Curfew Time Doesn't Follow Normal Rules

My teen-age daughter came home late last night. She was supposed to be home at midnight and, instead, arrived home at 2 a.m. Which is two hours late, unless you happen to be a mother. Then it is physically possible for the time between midnight and 2 a.m. to be 10 hours and 43 minutes.

That's what worry does to your frame of time. Minutes seem like hours. Or at least they do to my wife. I was fast asleep.

This morning, we grounded our daughter until the Second Coming. Not for missing her curfew, but for not calling. In terms of Kirby Family Crimes, not calling is second only to mouthing off to Mom within earshot of Dad, doing something to the dog that requires expensive medical attention and misplacing the television remote control.

In our family, kids keeping their curfew is important. Part of proving to your parents that you can be responsible is keeping your deadlines. However, keeping deadlines is not as important as calling us if they're going to be late.

Not calling is worse than being late because two minutes after our kids are supposed to be home, my wife starts thinking aliens got them. Worse, she wakes me up to explain her theories.

It's a maternal thing, the logic of which fathers can appreciate but never duplicate. When the kids are late, official Mom behavior goes something like this:
  • One minute late -- "I'm starting to get worried, dear."

  • Five minutes late -- "Oh, I just know that something bad has happened."

  • Ten minutes late -- "Call the police and hospitals."

  • Fifteen minutes late -- "Why isn't someone dragging the lake and putting up roadblocks?"

  • Twenty-one minutes late -- "I'll have to buy a dress for the funeral."

  • Anything over 30 minutes late and Mom wants to bring in Mulder and Scully.
Meanwhile, Dad is trying to get some sleep. He has to go to work in the morning. All he really knows is that whatever actually happened to the kids will be best dealt with tomorrow by a person not crazed from the lack of sleep.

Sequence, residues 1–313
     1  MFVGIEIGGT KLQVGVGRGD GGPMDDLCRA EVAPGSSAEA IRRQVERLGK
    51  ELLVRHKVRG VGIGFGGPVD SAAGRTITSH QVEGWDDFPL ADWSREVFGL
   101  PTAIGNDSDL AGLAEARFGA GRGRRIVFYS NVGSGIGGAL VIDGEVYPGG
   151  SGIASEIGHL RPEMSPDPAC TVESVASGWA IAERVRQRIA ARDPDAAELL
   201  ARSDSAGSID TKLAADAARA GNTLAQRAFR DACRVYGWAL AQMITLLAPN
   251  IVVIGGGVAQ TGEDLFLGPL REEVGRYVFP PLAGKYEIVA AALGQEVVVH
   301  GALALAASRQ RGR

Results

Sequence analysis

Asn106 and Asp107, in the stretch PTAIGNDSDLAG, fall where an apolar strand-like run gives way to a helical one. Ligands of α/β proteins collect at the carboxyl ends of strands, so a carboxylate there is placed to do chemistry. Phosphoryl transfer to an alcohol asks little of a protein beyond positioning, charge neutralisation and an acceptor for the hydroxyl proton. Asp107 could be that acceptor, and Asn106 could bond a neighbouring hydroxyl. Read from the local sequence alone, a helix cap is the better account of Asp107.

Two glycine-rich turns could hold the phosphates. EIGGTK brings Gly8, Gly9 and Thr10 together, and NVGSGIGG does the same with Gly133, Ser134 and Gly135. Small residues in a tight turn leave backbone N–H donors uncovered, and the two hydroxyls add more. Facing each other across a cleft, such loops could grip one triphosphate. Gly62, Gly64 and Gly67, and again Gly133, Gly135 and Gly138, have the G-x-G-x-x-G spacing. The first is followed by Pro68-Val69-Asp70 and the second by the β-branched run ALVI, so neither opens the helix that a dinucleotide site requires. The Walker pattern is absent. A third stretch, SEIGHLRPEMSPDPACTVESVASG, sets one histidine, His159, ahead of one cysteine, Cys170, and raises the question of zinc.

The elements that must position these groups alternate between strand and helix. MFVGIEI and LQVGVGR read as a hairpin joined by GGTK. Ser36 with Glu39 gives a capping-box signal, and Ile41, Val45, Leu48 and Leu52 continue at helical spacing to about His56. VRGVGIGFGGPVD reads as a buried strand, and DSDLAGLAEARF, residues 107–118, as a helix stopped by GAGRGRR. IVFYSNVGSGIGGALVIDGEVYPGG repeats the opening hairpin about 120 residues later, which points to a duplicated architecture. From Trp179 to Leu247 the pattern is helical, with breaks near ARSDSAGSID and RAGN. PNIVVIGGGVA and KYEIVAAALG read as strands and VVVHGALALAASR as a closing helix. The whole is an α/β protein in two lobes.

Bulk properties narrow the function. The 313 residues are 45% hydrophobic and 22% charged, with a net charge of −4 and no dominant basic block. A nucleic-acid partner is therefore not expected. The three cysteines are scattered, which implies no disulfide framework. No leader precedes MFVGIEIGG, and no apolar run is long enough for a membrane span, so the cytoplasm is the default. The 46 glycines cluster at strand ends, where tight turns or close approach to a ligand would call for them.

It's not that fathers don't care. We do. It's just that a father's official worry clock runs on hours rather than minutes. Furthermore, a father has the added worry of what the lateness means in terms of dollars. If a kid is five hours late, the father is frantic, mainly about what might have been done to the family car.

Parents worry because they know bad things can and sometimes do happen to kids. It's something that most kids haven't clued into. Every kid in the world thinks he is almost immortal, if not actually too cool to die.

My daughter naively thinks that she can take care of herself. I tell her that the only reason she believes this is that she isn't familiar with some of the truly evil things lurking out there in the dark. I never tell her that the reason I know about those things is because I used to be one of them.

When I was a teenager, I had a curfew. It was 11 p.m., the local curfew for juveniles. I never kept it. Somehow, whatever was going to happen to me for breaking curfew -- lecturing, beating, grounding -- wasn't as important as persuading Suzy Buchowitz to stay out after curfew.

Parents and teens should talk about curfews. As a kid, I strenuously argued for a curfew of 4 a.m., on the following day. My father put his foot down (barely missing my neck) and said that my curfew would be whatever the law said it was.

Dad's logic was that if the police couldn't trust juveniles to be out after 11 p.m., he sure wasn't about to either. Especially since we were talking about me. Having since been a teenager, father and cop, I can say that my father was right. Besides, I know for a fact from my grandma that his curfew was sundown.

My daughter wept and screeched about being grounded. She called her curfew unreasonable and said it was because we didn't trust her.

She finally got something right.

EDITOR: Humorous story -- but the lack of communication and mutual respect in this family diminishes the humor for me. As someone that has worked with teens, and adults, I've found as a manager that people (regardless of age) tend to respond in the way that they are treated. That's right.... I don't know your teens -- but I sure hope YOU will get to known them, before it's to late.

"For others will treat you as you treat them. Whatever measure you use in judging others, it will be used to measure how you are judged."
(Matthew 7:2 NLT)

"Teach children how they should live, and they will remember it all their life. "
(Proverbs 22:6 GNB)

[ Robert Kirby, The Salt Lake Tribune -- from Andy Chap -- Ed:Anon ]


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